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United States v. Corso

December 15, 2008

UNITED STATES OF AMERICA
v.
JOHN D. CORSO, III, APPELLANT



On Appeal from the United States District Court for the Western District of Pennsylvania (D.C. No. 06-cr-00389) District Judge: Honorable Gary L. Lancaster.

The opinion of the court was delivered by: Fisher, Circuit Judge

PRECEDENTIAL

Argued October 1, 2008

Before: FISHER, CHAGARES and HARDIMAN, Circuit Judges.

OPINION OF THE COURT

Pursuant to a written plea agreement, John D. Corso, III pleaded guilty to one count of theft of mail, in violation of 18 U.S.C. § 1708. The District Court sentenced him to twenty-one months of imprisonment and two years of supervised release. Corso appeals from the District Court's judgment of sentence, arguing that the District Court committed numerous procedural errors in imposing his sentence and that his sentence is substantively unreasonable. Because we conclude that Corso validly waived the right to appeal his sentence, we will affirm.

I.

A.

John Corso worked as a driver for T. Wilson Trucking, a private company that contracted with the United States Postal Service to transport mail along certain "highway contract routes" between Postal Service facilities in Pennsylvania. In January 2005, postal inspectors determined that rifled mail found in a collection box in Aliquippa had come from sources along a contract route handled by Corso. In response, the inspectors placed a "test letter" containing cash in a bundle of first-class mail to be transported by Corso to a processing and distribution center in Pittsburgh.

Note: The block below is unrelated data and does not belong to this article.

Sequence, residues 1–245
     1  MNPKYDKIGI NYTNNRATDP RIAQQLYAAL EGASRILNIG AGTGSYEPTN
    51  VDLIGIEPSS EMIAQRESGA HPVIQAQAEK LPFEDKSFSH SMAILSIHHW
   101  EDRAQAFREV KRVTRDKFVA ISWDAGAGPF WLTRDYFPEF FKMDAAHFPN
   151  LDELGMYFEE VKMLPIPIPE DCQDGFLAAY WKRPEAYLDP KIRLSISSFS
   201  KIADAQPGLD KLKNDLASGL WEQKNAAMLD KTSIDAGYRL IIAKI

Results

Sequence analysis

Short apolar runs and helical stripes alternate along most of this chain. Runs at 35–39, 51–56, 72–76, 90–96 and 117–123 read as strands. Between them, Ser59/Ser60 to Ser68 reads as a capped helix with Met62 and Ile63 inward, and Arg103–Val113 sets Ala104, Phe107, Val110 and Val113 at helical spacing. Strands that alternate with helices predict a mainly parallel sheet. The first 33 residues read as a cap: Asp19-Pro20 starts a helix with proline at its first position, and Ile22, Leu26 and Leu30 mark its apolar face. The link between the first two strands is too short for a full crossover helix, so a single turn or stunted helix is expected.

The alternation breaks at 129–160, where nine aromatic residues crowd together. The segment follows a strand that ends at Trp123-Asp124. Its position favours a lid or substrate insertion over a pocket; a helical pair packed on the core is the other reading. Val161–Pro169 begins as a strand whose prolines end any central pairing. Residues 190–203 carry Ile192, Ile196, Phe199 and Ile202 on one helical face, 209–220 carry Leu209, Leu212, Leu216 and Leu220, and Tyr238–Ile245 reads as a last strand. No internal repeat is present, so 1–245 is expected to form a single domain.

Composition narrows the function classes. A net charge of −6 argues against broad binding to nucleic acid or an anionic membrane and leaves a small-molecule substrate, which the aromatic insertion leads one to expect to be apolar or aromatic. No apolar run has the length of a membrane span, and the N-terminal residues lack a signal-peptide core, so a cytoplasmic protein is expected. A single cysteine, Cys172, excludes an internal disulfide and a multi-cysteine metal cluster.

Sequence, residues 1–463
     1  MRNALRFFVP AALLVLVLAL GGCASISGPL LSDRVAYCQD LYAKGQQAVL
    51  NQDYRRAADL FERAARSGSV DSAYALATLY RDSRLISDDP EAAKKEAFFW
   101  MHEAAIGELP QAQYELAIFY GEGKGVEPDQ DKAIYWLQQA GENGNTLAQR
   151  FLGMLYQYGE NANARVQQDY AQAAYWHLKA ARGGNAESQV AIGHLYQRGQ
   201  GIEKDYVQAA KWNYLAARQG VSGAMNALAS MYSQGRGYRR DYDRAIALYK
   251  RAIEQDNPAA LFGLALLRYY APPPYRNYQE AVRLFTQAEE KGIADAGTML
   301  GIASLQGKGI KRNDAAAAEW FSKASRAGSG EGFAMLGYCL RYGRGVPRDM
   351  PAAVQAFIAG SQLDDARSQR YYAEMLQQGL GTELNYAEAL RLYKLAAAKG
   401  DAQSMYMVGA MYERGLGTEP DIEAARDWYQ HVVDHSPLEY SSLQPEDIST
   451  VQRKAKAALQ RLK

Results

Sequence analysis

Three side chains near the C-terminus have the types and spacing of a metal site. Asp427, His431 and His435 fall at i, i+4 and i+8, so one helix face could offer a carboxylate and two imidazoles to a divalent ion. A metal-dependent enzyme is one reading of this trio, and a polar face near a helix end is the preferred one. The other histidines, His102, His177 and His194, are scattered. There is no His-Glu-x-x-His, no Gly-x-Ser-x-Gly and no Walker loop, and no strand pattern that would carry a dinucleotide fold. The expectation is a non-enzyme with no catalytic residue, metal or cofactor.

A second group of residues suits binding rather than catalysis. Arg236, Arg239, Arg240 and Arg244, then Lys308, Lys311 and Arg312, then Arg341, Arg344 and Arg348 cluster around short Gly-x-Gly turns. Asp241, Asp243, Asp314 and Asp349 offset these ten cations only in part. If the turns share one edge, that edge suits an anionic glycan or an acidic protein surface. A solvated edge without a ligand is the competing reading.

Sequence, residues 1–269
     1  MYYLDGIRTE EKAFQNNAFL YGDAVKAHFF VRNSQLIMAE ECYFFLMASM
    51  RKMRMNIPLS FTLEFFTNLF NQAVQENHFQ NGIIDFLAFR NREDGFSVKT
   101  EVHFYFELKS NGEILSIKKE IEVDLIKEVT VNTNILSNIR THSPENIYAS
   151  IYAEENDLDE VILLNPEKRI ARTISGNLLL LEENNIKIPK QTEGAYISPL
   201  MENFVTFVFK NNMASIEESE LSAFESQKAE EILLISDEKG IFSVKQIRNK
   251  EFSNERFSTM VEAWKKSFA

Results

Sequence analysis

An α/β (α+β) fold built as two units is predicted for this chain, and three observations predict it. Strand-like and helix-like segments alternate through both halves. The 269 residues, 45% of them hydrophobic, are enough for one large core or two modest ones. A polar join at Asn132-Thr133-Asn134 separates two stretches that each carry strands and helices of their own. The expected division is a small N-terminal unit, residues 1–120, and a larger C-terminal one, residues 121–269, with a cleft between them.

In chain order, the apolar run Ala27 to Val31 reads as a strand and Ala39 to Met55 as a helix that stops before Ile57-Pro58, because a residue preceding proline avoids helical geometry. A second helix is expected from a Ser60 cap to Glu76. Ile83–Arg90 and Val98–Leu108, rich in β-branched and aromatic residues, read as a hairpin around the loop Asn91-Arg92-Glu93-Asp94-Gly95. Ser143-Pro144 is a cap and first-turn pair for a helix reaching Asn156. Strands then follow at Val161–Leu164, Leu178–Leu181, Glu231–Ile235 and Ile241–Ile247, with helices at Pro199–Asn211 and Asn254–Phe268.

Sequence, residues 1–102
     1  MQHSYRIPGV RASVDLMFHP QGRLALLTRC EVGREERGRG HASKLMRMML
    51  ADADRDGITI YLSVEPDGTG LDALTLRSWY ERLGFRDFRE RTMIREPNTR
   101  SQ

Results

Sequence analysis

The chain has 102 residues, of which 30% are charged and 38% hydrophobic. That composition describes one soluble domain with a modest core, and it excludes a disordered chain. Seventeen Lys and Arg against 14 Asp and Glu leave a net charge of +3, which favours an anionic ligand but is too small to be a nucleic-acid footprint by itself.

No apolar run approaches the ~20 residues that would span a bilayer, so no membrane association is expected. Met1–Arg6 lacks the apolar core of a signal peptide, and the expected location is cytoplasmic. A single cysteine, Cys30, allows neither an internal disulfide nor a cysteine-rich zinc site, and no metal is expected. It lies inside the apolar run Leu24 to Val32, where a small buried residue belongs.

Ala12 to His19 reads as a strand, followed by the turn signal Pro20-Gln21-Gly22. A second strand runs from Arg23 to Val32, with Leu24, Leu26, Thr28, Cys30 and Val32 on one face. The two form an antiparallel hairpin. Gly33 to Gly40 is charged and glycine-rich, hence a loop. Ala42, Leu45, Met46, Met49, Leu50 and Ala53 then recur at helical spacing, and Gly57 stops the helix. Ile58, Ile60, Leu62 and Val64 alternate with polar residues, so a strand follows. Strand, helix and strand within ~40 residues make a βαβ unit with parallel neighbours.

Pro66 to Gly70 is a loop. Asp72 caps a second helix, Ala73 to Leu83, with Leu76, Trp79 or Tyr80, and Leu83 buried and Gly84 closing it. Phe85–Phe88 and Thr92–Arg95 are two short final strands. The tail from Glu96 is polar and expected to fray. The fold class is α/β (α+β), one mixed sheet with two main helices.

The inspectors covertly watched Corso collect the bundle containing the test letter, but by the time he unloaded his cargo in Pittsburgh the test letter was missing. After stopping Corso before he could leave the distribution center, the inspectors found the test letter, as well as four other stolen letters, in the cab of his truck. When confronted, Corso first denied any wrongdoing, but eventually admitted that he had stolen mail on three or four occasions and that he had taken between five and twenty-five pieces of mail each time.

B.

1.

On November 8, 2006, an indictment was returned in the Western District of Pennsylvania charging Corso with five counts of theft of mail in violation of 18 U.S.C. § 1708, one count for each of the letters found in the cab of his truck. After initially pleading not guilty, Corso eventually entered into a plea agreement with the government. In the agreement, Corso agreed to plead guilty to Count One of the indictment, acknowledged his responsibility for the conduct charged in the remaining four counts, and stipulated that the District Court could consider the conduct charged in those four counts in imposing sentence. In exchange for Corso's guilty plea, the government agreed to move to dismiss the remaining four counts against him and to recommend a two-level reduction in offense level for acceptance of responsibility under § 3E1.1 of the United States Sentencing Guidelines. The parties made a non-binding stipulation that the total loss resulting from the offense was $300.00 and agreed that Corso faced a maximum term of imprisonment of five years and a maximum term of supervised release of three years.

The plea agreement also contained an appellate-waiver provision, which read as follows:

"8. John D. Corso, III waives the right to take a direct appeal from his conviction or sentence under 28 U.S.C. § 1291 or 18 U.S.C. § 3742, subject to the following exceptions:

(a) If the United States appeals from the sentence, John D. Corso, III may take a direct appeal from the sentence.

(b) If (1) the sentence exceeds the applicable statutory limits set forth in the United States Code, or (2) the sentence unreasonably exceeds the guideline range determined by the Court under the Sentencing Guidelines, John ...


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